SINGAPORE - University students are grabbing work stints in the hope of beefing up their portfolios and securing jobs after graduation.
In her three years in school, Nanyang Technological University (NTU) accountancy graduate Pek Jia Wei completed three internships. She received two full-time job offers after that.
"It's very common to take up more than one internship because you will lose out if you don't," she said. "I came from a junior college background, so it's really important to have work experiences otherwise it's hard to give employers examples of your strengths."
Ms Pek, 21, accepted a management trainee position with Nestle and started working full time with the food and beverage company in July last year.
She said: "I really enjoy the company culture; there's a lot of guidance given so I know this is a good place to learn.
"The internship also let me branch out of accountancy and try marketing, which turned out to be my passion."
From the new academic year in August, internships will be made compulsory for all new undergraduates enrolling in NTU.
Currently, only some schools in NTU have such mandatory internships. These are the six engineering schools, the School of Biological Science, Nanyang Business School, School of Art, Design and Media, and Wee Kim Wee School of Communication and Information.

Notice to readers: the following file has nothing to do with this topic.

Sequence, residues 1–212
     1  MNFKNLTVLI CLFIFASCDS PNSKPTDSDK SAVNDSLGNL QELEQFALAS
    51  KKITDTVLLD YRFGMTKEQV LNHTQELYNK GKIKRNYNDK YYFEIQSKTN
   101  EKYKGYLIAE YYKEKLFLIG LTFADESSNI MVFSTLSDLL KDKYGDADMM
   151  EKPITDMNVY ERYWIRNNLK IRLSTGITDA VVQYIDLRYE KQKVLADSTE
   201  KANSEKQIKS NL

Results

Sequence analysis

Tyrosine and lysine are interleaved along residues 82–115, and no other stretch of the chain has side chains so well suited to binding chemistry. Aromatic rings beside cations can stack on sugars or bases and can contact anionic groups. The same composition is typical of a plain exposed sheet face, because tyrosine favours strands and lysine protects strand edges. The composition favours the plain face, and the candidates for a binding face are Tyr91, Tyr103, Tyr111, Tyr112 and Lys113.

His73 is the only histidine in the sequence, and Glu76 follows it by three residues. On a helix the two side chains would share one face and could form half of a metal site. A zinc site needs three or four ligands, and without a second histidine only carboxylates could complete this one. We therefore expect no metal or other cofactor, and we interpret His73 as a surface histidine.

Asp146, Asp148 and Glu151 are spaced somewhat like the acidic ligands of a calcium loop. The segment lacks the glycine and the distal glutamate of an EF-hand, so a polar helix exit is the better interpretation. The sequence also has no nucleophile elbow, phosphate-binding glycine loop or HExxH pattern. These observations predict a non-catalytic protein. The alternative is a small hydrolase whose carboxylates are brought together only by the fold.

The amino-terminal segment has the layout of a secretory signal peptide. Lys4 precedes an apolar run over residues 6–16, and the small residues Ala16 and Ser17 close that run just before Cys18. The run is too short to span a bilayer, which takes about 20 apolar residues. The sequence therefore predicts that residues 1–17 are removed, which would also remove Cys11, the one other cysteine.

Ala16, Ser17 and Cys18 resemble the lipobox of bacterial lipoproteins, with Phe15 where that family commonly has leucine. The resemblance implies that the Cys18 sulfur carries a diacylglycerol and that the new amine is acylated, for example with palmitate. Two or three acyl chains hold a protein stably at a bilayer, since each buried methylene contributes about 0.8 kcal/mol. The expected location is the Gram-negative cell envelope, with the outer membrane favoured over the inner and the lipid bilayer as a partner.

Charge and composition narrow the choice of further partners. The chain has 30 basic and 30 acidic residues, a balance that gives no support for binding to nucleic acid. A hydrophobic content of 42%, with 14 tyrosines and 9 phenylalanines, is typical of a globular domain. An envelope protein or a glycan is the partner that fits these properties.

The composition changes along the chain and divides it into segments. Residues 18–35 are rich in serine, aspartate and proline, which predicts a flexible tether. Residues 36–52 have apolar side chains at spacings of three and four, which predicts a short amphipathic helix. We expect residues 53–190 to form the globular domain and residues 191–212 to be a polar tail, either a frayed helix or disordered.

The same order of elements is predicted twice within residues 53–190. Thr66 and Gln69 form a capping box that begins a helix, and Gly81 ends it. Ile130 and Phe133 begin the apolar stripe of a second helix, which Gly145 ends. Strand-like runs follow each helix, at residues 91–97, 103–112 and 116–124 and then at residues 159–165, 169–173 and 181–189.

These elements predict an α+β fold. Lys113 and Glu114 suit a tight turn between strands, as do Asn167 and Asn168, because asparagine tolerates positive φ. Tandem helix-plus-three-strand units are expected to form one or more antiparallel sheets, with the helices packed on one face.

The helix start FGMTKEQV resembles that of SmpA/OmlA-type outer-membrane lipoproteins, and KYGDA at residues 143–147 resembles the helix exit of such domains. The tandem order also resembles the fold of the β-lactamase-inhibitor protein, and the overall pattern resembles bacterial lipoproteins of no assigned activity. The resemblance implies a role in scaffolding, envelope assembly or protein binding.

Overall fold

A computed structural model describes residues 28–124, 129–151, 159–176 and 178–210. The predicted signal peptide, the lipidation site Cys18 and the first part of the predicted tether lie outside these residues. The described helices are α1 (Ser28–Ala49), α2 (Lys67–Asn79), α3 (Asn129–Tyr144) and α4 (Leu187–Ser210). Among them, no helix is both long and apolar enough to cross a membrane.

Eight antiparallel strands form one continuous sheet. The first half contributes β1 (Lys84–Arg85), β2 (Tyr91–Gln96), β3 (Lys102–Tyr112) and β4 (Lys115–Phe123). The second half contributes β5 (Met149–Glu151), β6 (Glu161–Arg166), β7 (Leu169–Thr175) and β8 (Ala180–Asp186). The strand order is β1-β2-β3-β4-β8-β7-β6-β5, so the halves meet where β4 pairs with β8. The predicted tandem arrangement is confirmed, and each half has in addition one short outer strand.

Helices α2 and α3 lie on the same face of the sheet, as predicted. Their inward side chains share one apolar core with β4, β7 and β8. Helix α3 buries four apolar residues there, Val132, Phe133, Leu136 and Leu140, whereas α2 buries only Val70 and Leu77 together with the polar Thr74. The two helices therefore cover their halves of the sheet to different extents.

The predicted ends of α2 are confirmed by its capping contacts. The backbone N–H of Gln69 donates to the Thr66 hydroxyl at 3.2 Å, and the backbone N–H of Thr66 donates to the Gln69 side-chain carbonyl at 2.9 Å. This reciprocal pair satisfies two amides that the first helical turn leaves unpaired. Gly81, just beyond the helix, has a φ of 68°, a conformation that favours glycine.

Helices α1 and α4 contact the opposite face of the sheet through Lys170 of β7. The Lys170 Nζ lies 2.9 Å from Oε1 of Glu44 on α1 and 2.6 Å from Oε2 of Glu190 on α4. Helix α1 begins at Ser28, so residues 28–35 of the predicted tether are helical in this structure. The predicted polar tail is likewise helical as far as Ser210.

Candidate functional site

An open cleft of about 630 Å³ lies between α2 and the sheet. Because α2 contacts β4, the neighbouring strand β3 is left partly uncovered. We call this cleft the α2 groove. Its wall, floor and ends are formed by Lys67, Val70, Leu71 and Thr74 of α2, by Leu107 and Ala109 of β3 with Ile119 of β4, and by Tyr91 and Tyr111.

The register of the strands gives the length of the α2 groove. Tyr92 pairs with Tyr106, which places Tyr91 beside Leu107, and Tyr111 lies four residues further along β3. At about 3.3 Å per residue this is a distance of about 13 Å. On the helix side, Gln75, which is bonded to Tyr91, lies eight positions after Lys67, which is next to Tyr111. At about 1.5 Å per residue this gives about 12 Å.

NTU said about three in 10 of such stints - which vary from 10 to 20 weeks or longer - were converted into full-time job offers.
During Ms Pek's three-month internship with Nestle in 2019, she was tasked with conceptualising and bringing to market a promotional pack for Maggi's cup pasta product.
"There's a sense of satisfaction seeing your product and hard work in the market," said Ms Pek. "I also learnt project management like budgeting and timeline, which you can't really learn in school as it's a more controlled environment."
She added: "I count myself fortunate that I got my job from interning before Covid-19 hit. It's possible that if I didn't intern, I would still be out of a job."
Another accountancy graduate, Kenneth Kwek, 24, also did three internships while at NTU, with the last 10-week stint turning into a full-time job with PwC Singapore's deals strategy department.
In fact, he was offered the job by the firm in late 2019, even before graduating from university.
"I did consider other job opportunities, but I knew I wanted to come back to PwC for various reasons, including its strong coaching culture," he said. "I'm also being exposed to different industries and learning at a very fast pace."
Said Mr Kwek: "The job came at the right time and with the Covid-19 situation last year, I'm glad that the firm didn't rescind the offer."